Here are some images of what/who stood out for me.

All above images by Katrina Nunn. Kate has definitely progressed a huge amount within the last year. In particular, her monochrome drawings, made one a week over a period of months, is equally engaging as it is sophisticated.  On first view these black on white drawings look like etchings. They are precise and detailed but of an unknown abstract form. However, they are indeed one-off drawings, tracings even, of the left over marks and brush strokes by previous students using the same table at City Lit college. These are meditative works of focus and determination. Kate weilds her pen to produce these seemingly abstract pieces. They are in fact true recordings of realism; a realism that is at once familiar to most artists, that what we leave behind, is often more interesting than our intentions.

The two pieces containing colour are a direct development of last year’s work, with the addition of both paper cutting and back illumination. They play with the surrounding peeled plaster of many colours on the aging Victorian walls of this space. The cuts are fine, to the point where it is difficult at first to realise it is light peeking through them, rather than some other painterly trick of luminescence. 

Other really notable work by several of the other exhibitors.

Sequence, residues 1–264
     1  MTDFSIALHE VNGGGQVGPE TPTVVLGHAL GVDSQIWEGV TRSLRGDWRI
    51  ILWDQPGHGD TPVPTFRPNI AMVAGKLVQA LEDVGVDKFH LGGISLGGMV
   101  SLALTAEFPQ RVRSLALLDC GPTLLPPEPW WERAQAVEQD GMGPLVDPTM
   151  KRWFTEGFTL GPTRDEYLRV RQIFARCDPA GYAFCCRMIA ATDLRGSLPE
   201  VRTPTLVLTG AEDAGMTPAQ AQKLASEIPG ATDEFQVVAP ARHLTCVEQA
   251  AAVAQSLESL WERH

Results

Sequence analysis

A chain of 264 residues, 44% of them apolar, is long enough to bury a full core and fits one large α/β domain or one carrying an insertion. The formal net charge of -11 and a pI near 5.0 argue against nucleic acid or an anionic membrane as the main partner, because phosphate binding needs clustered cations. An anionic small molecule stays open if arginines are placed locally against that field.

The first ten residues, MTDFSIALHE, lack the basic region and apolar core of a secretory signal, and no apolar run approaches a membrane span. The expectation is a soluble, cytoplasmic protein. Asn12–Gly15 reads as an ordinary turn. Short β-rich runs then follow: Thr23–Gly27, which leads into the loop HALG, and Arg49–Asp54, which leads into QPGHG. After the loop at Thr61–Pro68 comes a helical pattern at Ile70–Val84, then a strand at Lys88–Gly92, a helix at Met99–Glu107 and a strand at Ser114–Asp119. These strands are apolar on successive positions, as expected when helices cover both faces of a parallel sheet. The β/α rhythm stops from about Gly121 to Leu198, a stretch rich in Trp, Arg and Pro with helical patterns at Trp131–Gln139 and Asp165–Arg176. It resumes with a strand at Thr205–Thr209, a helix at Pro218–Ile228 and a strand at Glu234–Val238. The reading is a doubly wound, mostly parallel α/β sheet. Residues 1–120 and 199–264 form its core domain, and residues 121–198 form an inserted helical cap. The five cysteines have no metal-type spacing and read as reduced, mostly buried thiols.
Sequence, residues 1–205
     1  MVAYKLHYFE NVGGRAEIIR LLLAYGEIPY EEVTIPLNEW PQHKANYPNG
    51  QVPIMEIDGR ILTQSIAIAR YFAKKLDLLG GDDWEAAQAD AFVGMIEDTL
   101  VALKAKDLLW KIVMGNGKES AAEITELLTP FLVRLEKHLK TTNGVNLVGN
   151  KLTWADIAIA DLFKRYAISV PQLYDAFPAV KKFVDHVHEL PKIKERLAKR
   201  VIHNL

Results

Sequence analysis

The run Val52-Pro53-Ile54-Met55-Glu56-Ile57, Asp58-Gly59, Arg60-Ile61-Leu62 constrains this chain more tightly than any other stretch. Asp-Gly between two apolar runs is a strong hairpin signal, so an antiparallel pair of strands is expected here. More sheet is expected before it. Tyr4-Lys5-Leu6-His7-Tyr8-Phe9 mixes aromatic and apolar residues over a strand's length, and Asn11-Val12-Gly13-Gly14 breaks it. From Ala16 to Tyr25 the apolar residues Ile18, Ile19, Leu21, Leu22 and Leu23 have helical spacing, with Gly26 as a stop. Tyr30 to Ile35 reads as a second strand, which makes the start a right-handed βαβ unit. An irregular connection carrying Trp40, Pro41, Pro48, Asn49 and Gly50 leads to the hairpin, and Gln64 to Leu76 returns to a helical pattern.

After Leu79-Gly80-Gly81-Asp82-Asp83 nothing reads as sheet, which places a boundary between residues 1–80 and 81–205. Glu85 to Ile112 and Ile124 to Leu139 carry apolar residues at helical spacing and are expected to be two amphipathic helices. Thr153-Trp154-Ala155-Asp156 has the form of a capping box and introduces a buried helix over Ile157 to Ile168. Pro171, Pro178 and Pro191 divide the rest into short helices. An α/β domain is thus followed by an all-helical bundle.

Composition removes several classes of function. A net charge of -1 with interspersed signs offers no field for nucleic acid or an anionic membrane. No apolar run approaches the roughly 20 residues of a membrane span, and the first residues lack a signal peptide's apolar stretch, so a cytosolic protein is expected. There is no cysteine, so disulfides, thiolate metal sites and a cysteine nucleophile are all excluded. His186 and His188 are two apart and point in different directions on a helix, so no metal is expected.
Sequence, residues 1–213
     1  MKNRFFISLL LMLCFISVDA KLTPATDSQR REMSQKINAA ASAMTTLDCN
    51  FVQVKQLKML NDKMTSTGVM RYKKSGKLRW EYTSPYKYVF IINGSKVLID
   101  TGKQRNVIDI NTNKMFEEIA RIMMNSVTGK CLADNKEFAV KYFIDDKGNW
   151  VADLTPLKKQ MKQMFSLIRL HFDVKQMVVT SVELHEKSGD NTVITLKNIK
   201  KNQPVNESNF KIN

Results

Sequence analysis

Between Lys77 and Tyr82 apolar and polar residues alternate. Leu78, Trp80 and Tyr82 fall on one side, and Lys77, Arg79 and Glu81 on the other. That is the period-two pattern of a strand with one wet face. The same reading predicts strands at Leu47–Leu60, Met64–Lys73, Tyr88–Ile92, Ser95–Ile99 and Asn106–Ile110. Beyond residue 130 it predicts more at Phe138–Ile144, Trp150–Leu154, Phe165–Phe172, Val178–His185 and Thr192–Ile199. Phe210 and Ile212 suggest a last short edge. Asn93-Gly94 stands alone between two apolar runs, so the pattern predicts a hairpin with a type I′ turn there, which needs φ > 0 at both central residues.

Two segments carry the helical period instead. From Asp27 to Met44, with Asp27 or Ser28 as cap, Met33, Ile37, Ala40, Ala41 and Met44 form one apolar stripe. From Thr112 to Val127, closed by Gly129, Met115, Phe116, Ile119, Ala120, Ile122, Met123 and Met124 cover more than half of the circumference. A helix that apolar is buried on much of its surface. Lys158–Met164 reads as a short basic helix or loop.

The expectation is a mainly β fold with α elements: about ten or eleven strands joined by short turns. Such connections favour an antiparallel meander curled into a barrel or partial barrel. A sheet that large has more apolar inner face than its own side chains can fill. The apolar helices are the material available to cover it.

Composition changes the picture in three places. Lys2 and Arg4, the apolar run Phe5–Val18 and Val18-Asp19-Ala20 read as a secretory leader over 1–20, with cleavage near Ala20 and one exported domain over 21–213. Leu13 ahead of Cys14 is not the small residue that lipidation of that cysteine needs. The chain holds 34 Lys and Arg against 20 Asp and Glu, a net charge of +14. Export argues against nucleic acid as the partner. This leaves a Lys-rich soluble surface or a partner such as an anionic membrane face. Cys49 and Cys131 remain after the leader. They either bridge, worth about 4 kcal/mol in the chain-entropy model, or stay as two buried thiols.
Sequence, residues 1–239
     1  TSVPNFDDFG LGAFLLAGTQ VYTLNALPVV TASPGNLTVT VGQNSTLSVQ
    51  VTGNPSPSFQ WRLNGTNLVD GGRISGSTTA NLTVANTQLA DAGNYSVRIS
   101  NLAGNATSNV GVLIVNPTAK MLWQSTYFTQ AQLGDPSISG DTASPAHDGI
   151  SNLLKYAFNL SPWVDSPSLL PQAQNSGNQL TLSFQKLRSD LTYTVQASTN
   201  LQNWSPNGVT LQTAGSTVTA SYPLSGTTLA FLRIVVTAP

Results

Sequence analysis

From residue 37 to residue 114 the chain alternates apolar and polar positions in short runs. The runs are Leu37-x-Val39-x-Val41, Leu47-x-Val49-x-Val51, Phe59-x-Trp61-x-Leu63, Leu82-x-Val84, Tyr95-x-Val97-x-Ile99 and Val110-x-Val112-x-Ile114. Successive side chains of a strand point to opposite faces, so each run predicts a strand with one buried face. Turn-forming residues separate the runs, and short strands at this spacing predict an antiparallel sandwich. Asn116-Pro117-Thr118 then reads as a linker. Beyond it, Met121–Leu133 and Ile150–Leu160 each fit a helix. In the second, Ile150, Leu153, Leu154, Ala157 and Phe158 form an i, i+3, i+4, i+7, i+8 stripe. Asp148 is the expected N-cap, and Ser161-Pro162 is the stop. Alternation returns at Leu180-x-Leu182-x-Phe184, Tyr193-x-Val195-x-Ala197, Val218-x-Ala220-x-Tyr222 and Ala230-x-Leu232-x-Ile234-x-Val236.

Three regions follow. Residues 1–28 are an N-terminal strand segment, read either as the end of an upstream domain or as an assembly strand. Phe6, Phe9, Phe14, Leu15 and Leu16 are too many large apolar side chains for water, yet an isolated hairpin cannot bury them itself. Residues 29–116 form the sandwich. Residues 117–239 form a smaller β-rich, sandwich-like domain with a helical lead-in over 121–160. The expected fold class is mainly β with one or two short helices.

Above is the wearable performance sculpture by Vasiliki Stasinaki, ‘Hoist with my own Petard’ made up of balls of newspaper wrapped in images of people’s protest and revolutionary conflicts throughout this and the last Century. Amongst the faces, those of Diego Rivera and his wife Frida Khalo, staring out at you in defiance, challenging you to a duel of idealogy. Ms Stasinaki, a trained dancer, combines her talents to produce politically charged art. She will be commencing her masters in Belfast in the Autumn and I wish her well and look forward to seeing the work she will produce in and about that city.

Above are some images by John Collier. Channelling his inner John Piper. I love these inky architectural drawings and wonder whether the fire extinguisher has been intentionally placed by that ‘flaming’ red terrace?

Above images by Wendy Charlton. Her work is issue based, in particular focused on planned regeneration of the Broadwater Farm estate and a comment on the social cleansing of London. Her work takes up a whole wall downstairs and comprises of a large mixed media piece pictured above. Displayed alongside are many testimonies from residents. These texts are pinned to the main visual via red threads, making the whole installation seem like a crime scene investigation. Wendy’s work is ongoing and is an important social document that is pertinent to many communities in London and beyond.